What this does is help characterize the male character in the poem — as he takes actions, the poster “speaks” to us, so that we are led to make an implicit connection between what the poster is saying and what the man is doing. This opens up the topic of how advertising might create or undergird or enable the violent choices of the male character without actually saying as much. To put it another way, instead of delimiting inquiry on the part of the readers and listeners by making a declarative statement, Hogan encourages us to infer connections, which opens up inquiry into the larger world outside the poem.
Hogan uses this technique often in the poem. Imagine, for a moment, that in this poem, the speaker had been raped by the man or shot by him. The sympathy we as her audience would feel for the speaker would outweigh the thinking she wants us to do, necessary thinking about how sexism actually works, thinking we can’t do if we are feeling too much. So instead, Hogan has the male character head-butt the speaker (here I just want to point out that whether or not this happened in this way to Hogan in real life is beside the point in terms of how the writing is done). Here’s the speaker’s description of the head-butt:

He bowed like a gentleman,
body curled like so many question marks before him
and blessed me with a running start
a grand, glorified, dick-encrusted
American-as-apple-pie Rambo-style head butt

Note that the head-butt is compared with several overlapping modes of manhood: gentlemanliness, wholesomeness (American-as-apple-pie), militaristic (Rambo) and sexual (dick-encrusted). The head-butt itself can easily act a symbol for penetration, implying rape, or as the motion of a bullet, implying murder or (as the poem’s final image suggests) execution.

Sticking with one overpowering image would not allow Hogan to weave together so many manifestations of sexism, so she’s made the choice to back off what emotional power she could squeeze from the poem and instead offer us the chance to notice these overlapping concepts. Instead of being a woe-is-me poem about a single, sad moment, it becomes a poem addressing a larger, complicated topic — how sexism itself functions.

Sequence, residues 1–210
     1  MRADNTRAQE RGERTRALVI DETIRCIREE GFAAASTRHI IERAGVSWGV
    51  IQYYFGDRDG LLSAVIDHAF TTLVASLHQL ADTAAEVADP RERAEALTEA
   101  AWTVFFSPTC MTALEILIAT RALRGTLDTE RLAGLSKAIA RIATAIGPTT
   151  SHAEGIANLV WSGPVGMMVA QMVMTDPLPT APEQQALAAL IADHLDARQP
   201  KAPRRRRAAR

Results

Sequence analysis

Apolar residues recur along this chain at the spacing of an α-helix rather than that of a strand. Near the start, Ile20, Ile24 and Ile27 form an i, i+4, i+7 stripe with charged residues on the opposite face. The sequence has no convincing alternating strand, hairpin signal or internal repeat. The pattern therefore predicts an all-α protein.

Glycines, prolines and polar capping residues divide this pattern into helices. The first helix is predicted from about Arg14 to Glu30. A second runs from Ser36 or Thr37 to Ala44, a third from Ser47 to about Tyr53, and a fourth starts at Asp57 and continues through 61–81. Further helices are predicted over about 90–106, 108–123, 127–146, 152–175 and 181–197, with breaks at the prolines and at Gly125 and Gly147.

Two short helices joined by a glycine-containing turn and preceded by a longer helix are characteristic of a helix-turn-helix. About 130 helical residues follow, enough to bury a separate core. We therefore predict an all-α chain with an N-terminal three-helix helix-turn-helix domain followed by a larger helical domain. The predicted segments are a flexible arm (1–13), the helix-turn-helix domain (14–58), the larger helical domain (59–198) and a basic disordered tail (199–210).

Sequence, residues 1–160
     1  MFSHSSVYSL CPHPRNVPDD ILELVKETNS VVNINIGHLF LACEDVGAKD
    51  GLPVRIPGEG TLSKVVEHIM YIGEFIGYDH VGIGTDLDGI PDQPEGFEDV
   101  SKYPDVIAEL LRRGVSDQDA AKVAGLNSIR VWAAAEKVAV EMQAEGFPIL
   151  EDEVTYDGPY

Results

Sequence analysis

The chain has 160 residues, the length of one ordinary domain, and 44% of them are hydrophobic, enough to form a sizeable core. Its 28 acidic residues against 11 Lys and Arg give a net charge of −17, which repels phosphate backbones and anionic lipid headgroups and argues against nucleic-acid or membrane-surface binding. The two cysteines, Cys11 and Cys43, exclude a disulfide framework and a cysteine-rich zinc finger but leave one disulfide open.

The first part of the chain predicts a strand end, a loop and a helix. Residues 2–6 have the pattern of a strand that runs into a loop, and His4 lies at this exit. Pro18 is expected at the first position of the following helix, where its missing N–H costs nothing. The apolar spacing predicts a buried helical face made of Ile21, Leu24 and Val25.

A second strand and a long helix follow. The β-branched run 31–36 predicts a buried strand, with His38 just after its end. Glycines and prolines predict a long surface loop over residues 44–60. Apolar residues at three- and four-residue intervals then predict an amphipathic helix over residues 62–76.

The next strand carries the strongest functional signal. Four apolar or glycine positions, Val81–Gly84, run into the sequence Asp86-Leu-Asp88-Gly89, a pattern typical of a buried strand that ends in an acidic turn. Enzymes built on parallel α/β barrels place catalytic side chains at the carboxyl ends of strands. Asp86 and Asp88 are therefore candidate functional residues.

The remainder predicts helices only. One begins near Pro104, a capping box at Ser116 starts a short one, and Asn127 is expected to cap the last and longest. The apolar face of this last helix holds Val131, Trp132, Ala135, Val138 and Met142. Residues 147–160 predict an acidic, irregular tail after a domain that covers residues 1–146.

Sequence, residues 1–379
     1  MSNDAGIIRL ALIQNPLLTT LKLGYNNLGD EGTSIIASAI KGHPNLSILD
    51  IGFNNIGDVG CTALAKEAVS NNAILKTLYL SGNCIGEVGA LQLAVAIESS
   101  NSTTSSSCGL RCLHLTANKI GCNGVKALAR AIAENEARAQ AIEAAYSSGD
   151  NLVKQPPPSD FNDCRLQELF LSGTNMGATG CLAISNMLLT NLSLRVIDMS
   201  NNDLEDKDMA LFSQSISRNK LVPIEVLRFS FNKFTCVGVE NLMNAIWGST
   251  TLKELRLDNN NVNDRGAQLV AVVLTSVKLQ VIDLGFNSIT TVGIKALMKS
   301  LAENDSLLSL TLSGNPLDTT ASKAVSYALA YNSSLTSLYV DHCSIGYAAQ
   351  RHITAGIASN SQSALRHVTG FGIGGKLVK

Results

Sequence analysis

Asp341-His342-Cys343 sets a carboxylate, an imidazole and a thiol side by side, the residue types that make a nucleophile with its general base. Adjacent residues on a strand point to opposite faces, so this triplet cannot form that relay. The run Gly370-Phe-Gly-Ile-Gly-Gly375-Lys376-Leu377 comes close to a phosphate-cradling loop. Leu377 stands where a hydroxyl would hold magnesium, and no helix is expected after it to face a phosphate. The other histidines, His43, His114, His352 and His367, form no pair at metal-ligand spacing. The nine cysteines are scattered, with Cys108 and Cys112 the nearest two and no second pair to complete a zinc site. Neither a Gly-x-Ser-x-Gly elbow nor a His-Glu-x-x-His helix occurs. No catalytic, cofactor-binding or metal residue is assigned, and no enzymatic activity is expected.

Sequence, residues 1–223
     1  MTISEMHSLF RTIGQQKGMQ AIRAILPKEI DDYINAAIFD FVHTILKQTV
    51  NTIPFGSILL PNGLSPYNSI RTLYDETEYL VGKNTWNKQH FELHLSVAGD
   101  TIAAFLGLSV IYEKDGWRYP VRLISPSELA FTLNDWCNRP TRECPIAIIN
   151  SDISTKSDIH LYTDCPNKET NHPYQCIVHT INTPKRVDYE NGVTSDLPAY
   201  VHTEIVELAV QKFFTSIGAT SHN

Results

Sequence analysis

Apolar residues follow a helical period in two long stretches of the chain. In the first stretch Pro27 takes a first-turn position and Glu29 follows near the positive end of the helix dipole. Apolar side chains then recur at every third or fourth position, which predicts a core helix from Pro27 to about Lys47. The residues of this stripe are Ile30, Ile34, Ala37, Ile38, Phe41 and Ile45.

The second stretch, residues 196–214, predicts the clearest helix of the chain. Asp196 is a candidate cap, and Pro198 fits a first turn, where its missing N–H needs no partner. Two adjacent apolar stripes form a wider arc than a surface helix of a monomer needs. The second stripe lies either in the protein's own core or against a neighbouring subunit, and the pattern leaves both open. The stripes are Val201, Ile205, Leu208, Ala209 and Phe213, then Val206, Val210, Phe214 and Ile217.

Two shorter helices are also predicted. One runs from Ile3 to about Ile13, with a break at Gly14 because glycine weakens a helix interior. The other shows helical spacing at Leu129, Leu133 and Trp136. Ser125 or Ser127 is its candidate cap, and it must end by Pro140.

Part of that function includes how deeply-ingrained its ideas are in our culture so that women who are aware of and critical about sexism often report realizing that they have internalized sexist ideas and messages without being aware of it. Remember how at the beginning I mentioned that Hogan sometimes switches from the narrator’s account to a list item from the poster without cueing us, so that there are moments when the line between characters is blurred? What a masterful way to illustrate that internalization!

She gives the poster the final line of the poem. The effect of this is to both tie up the list and also make it clear that we’re meant to go back over the list and examine not only what is underlying the statements themselves, but also, how they connect to the choices the characters makes. The poem doesn’t tell us what to do about sexism or sexual assault. It doesn’t condemn anyone in specific. It never makes any proclamations. What it does very well is invite us to continue thinking about its subject matter long after the poem is done, the entire range of images and ideas echoing in our minds like the gunshot in the poem’s concluding image.